Shara Hughes

I'll Just Have to Work with This

07.08 – 13.09.2008

Shara Hughes paints imaginary spaces. Deserted interiors. Staircases lead to nothing, floors are leaning and chairs, plants and tables seem oddly endowed with spirit. The walls probably wouldn’t be able to sustain any weight, had they been real, and as such Hughes’ architecture isn’t meant for people. No one can live there, but such images live in the artist.


As the title of the exhibition seems to imply, the artists necessarily has to do with what she’s got to work with. There isn’t anything but the material and immaterial raw material. In the painting “Twister” a tornado causes havoc, almost like the brush of the artist, across the canvas. The damage it causes changes matter and seems to point to the artistic process as a ravage of material; a conversion into something else and unpredictable. The artist isn’t necessarily in control of her own ability here.


The recognition of the influence of experience on the artistic process is particularly evident in Hughes’ extensive quotation of the most canonized painters in art history. Hughes uses them as building material to create her spaces. The brush strokes of Matisse appear as a kind of spolia; the last remains of something old that is given a new meaning by Hughes. At the same time, by acknowledging her dependence on past masters so openly, Hughes cancels the often used judgment of taste that says “we’ve already seen that.” The material, the sources of inspiration are laid out for everyone to see.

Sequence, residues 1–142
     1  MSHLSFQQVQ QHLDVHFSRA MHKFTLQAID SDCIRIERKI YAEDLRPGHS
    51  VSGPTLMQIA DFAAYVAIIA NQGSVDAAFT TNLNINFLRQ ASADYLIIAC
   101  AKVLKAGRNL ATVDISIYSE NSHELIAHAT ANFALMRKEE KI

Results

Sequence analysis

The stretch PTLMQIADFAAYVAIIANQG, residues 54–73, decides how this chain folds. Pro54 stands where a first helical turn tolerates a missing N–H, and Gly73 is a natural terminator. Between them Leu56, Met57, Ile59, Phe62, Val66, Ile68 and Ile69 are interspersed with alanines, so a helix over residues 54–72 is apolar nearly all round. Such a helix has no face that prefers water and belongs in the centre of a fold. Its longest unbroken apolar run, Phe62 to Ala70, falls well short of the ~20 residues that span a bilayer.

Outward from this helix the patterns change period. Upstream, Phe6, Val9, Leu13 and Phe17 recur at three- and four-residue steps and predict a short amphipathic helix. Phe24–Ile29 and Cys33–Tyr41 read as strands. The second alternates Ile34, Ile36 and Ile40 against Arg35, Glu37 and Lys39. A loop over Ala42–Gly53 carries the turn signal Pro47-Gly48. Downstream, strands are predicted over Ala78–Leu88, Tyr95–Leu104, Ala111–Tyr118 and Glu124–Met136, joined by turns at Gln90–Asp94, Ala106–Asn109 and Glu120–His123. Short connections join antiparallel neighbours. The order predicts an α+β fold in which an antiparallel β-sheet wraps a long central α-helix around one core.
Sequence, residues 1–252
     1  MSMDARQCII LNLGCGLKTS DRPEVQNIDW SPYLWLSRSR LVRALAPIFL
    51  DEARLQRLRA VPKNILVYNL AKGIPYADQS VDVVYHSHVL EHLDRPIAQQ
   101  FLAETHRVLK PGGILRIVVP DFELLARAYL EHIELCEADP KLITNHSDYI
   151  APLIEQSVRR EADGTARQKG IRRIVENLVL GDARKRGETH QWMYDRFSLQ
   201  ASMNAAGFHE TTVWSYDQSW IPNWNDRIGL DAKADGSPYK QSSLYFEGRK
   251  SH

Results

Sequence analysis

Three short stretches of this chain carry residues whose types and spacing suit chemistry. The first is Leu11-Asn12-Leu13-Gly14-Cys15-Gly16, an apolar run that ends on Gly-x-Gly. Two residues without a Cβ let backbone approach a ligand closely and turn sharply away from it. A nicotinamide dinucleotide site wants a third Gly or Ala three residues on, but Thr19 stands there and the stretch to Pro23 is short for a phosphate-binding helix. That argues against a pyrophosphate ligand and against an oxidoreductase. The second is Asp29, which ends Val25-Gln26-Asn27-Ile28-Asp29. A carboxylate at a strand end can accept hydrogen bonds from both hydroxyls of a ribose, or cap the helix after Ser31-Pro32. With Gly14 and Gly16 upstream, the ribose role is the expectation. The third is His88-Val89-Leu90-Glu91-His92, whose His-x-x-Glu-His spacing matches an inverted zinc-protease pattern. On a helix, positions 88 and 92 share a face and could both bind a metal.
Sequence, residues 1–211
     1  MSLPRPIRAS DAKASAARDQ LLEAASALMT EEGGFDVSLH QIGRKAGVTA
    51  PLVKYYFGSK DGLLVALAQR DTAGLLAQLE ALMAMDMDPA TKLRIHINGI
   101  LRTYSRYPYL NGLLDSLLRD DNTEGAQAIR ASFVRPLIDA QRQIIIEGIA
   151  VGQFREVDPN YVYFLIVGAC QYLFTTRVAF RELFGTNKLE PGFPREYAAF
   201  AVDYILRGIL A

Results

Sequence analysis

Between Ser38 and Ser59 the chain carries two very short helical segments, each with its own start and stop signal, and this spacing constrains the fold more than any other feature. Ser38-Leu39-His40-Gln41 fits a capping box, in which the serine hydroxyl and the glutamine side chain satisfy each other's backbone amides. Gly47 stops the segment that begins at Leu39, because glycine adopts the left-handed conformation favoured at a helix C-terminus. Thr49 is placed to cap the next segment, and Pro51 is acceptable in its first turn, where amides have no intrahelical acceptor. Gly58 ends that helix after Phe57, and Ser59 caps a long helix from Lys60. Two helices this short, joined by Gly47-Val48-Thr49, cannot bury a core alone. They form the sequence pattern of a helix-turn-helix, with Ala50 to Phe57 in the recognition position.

While Hughes obviously paints like Matisse one place, Bacon another and Pollock a third, the paintings never seem plagiarized. She doesn’t paint after them, but their paintings are a part of her figurative world; a part of the raw material. The variability in her expression seems to underline the conviction of the ongoing influence of experience on the subject and the incontrovertible necessity of having seen to be able to paint.


Shara Hughes has graduated from the Rhode Island School of Design. Later this year she will participate in the exhibition “Unreal: Altered Perspectives in Painting” at the new Saatchi Gallery in London.